EAST trial: Can early rhythm control therapy prevent complications in atrial fibrillation patients?

Several million people in Europe, representing 1 to 2 percent of the population, suffer from atrial fibrillation. The arrhythmia can cause strokes and other severe complications and although in recent years the treatment options have been improved by new treatments (new medicines and other treatments), patients with atrial fibrillation still frequently end up in hospitals due to cardiovascular complications whilst also suffering increased risk of severe strokes and dying prematurely.

The Atrial Fibrillation Network has conducted the EAST – AFNET 4 trial to help determine the optimal therapy choice for this group of patients. Since 01.01.2015 the conduct of the trial is co-funded by the German Centre for Cardiovascular Research (DZHK). The trial investigates whether an early rhythm control therapy, additionally to anticoagulation treatment, prevents severe complications in patients with atrial fibrillation [1, 2] when compared to the usual care. More than 100 hospitals and practices in 11 European countries participate in the EAST trial. The study has enrolled 2000 of the 2745 patients expected to take part since its start in the summer of 2011.

EAST is an investigator initiated trial (IIT). The German Atrial Fibrillation Network (AFNET) has initiated the trial in cooperation with the European Heart Rhythm Association (EHRA) and bears the overall responsibility of the trial. The coordinating investigators are the four cardiologists Prof. Paulus Kirchhof, Birmingham, UK, and Münster, Germany, Prof. Günter Breithardt, Münster, Germany, Prof. Harry Crijns, Maastricht, The Netherlands, and Prof. John Camm, London, UK. Financial support for the conduct of the trial is provided by the German Centre for Cardiovascular Research (DZHK) and the German Heart Foundations as well as the companies Sanofi and St. Jude Medical.

“If the results of the EAST – AFNET 4 trial support our hypothesis that early rhythm control therapy can prevent complications, this will lead to an important change in the treatment of recent onset atrial fibrillation”, the principal investigator and coordinator Prof. Kirchhof predicts.

Controlled trials published to date failed to provide definitive evidence that rhythm control therapy has a true positive influence on the course of disease in the individual patient. Nevertheless, many cardiologists are convinced that the patients will benefit from preservation of sinus rhythm. Dr. Laurent Haegeli, Zurich, Switzerland, a member of the steering committee of the EAST trial, explains the differences between EAST and other rhythm control trials: “In previous trials rhythm control measures usually were applied very late, in patients who have had atrial fibrillation for a long time. However, if antiarrhythmic drugs or catheter ablation are used in an early stage while atrial fibrillation has not yet caused irreversible damage, we expect much bigger success. For this reason EAST enrolls only patients with recent onset atrial fibrillation (shorter than one year).” [3]

The study patients are randomized to receive either “early rhythm control therapy” or “usual care”. Usual care is consistent with the therapy recommended by the current guidelines of the European Society of Cardiology (ESC) consisting of anticoagulation, in order to lower the stroke risk, and rate control in order to protect the cardiac muscle. These measures do not stop atrial fibrillation itself.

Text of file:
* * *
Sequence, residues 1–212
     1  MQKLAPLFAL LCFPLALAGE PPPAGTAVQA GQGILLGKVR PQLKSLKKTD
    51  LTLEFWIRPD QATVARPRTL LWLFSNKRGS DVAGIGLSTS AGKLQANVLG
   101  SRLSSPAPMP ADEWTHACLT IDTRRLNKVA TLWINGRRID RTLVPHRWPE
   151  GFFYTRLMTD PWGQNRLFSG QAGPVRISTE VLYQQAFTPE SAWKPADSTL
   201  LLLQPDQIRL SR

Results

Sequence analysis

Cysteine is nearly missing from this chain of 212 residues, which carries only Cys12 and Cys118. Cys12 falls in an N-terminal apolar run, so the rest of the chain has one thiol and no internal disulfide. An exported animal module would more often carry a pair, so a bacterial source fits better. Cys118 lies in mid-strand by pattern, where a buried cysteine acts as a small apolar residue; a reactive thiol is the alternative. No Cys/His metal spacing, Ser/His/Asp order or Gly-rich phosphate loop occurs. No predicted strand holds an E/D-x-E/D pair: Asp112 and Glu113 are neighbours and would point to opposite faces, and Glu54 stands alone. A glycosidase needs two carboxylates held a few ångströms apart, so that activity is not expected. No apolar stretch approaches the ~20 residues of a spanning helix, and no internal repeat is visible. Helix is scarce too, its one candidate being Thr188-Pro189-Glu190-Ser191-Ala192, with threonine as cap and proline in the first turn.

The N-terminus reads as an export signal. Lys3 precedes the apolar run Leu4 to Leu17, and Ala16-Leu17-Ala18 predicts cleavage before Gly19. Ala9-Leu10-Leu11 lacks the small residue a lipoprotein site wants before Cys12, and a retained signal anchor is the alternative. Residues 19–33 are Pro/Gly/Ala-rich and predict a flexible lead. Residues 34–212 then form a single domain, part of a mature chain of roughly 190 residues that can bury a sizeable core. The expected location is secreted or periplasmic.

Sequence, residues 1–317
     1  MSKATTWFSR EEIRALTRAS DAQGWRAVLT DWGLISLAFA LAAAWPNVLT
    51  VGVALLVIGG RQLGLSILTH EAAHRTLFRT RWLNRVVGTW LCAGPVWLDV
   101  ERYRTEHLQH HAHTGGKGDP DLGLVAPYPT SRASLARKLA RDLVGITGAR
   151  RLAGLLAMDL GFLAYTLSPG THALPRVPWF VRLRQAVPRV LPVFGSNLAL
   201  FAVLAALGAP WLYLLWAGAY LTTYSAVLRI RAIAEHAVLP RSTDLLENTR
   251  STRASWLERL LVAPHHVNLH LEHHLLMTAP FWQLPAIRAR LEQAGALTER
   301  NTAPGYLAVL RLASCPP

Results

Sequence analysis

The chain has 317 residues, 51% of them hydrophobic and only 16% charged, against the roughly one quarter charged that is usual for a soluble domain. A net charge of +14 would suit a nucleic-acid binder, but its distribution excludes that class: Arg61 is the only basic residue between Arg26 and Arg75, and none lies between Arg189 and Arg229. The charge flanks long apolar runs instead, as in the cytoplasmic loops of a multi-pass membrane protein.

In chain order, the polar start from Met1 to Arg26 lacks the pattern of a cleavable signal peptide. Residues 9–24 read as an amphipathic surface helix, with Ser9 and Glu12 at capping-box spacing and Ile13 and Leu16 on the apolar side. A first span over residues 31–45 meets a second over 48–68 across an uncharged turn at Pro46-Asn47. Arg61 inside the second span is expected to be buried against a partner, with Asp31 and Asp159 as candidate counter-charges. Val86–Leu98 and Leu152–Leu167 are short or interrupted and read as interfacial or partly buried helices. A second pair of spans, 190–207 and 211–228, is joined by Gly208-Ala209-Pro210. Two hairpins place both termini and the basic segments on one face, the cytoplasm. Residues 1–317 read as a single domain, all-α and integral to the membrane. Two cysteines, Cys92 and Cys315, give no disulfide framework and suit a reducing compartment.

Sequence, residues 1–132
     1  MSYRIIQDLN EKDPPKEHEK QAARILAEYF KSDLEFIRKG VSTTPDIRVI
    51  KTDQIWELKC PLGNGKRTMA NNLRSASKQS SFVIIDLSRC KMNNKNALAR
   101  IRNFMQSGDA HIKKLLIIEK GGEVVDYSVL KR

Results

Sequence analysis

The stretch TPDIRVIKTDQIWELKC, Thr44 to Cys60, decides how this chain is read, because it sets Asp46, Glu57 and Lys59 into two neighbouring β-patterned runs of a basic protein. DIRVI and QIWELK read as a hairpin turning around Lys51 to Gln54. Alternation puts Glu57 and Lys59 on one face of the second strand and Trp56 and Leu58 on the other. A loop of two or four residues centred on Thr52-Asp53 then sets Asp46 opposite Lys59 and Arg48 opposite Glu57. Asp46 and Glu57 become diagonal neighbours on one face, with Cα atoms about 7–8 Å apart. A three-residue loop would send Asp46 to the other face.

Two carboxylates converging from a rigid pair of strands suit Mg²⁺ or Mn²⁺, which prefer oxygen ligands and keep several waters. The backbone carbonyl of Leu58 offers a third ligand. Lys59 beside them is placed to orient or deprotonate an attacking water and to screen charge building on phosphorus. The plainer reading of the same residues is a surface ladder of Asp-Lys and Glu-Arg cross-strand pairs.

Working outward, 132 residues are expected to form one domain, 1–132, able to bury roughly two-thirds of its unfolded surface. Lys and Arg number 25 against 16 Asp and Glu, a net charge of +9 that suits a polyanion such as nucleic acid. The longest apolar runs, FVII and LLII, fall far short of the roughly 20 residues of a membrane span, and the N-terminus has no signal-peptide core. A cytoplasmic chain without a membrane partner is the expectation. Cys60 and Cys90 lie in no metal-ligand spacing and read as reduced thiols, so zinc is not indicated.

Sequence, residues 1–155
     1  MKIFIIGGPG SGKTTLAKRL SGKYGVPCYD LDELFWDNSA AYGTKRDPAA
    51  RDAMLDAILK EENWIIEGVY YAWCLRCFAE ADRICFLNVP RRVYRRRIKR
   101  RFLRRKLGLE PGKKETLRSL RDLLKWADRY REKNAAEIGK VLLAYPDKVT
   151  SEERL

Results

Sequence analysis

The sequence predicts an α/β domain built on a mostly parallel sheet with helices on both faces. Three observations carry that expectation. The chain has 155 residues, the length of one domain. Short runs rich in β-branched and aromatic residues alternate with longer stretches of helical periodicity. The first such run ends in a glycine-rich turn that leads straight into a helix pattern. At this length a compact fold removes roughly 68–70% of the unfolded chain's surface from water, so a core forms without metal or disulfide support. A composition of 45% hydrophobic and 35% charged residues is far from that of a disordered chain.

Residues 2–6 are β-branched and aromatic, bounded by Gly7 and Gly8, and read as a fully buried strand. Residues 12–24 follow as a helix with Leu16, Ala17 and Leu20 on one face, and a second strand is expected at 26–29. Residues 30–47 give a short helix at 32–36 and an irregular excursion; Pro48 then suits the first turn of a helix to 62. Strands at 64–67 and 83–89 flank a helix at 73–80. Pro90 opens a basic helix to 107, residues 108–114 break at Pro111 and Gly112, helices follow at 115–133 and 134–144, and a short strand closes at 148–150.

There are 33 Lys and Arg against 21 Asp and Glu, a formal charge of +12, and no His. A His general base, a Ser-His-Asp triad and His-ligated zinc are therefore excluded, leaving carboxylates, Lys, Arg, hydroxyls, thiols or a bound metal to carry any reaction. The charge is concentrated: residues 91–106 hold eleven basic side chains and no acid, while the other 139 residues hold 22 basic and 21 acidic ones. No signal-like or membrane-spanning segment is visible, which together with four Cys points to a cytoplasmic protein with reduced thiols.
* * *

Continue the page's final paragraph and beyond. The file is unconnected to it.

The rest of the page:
In the early rhythm control therapy group all appropriate treatment options are used to stop atrial fibrillation as early as possible and to restore sinus rhythm and maintain it permanently. When appropriate these are used additionally to anticoagulation and rate control treatment. In this study group, the atrial fibrillations are terminated by cardioversion or by an antiarrhythmic drug as the first line of treatment. In case of recurrence, further treatment measures are initiated immediately to restore sinus rhythm, either by more efficient antiarrhythmic drugs, by an early catheter ablation, or by a combination of these two procedures.

The EAST trial is still open to new centers. Appropriately qualified physicians interested in participating need to contact the Atrial Fibrillation Network

[1] Kirchhof P et al. Improving outcomes in patients with atrial fibrillation: Rationale and design of the Early treatment of Atrial fibrillation for Stroke prevention Trial. Am Heart J 2013; 166:442-8. doi:10.1016/j.ahj.2013.05.015
[2] Van Gelder I et al. Rationale and current perspective for early rhythm control therapy in atrial fibrillation. Europace 2011; 13:1517-25. doi:10.1093/europace/eur192.
[3] Haegeli L et al. The EAST study: redefining the role of rhythm control therapy in atrial fibrillation: EAST, the Early treatment of Atrial fibrillation for Stroke prevention Trial. Eur Heart J 2015; 36:255-6. doi: 10.1093/eurheartj/ehu476.

The Atrial Fibrillation Network association (AFNET) is an interdisciplinary research network comprising scientists and physicians from hospitals and practices dedicated to improving the management of atrial fibrillation through coordinated research in Germany and Europe. Its main objective is to conduct high quality investigator-initiated clinical trials and registries on a national and international level. The AFNET continues the long-term activities of the network which has been funded by the German Federal Ministry of Research and Education over a decade. Since January 2015, specific projects and infrastructures of the AFNET are funded by the German Centre for Cardiovascular Research (DZHK).

Press contact
Angelika Leute PhD
Email: a.leute@t-online.de
Phone: +49 202 2623395

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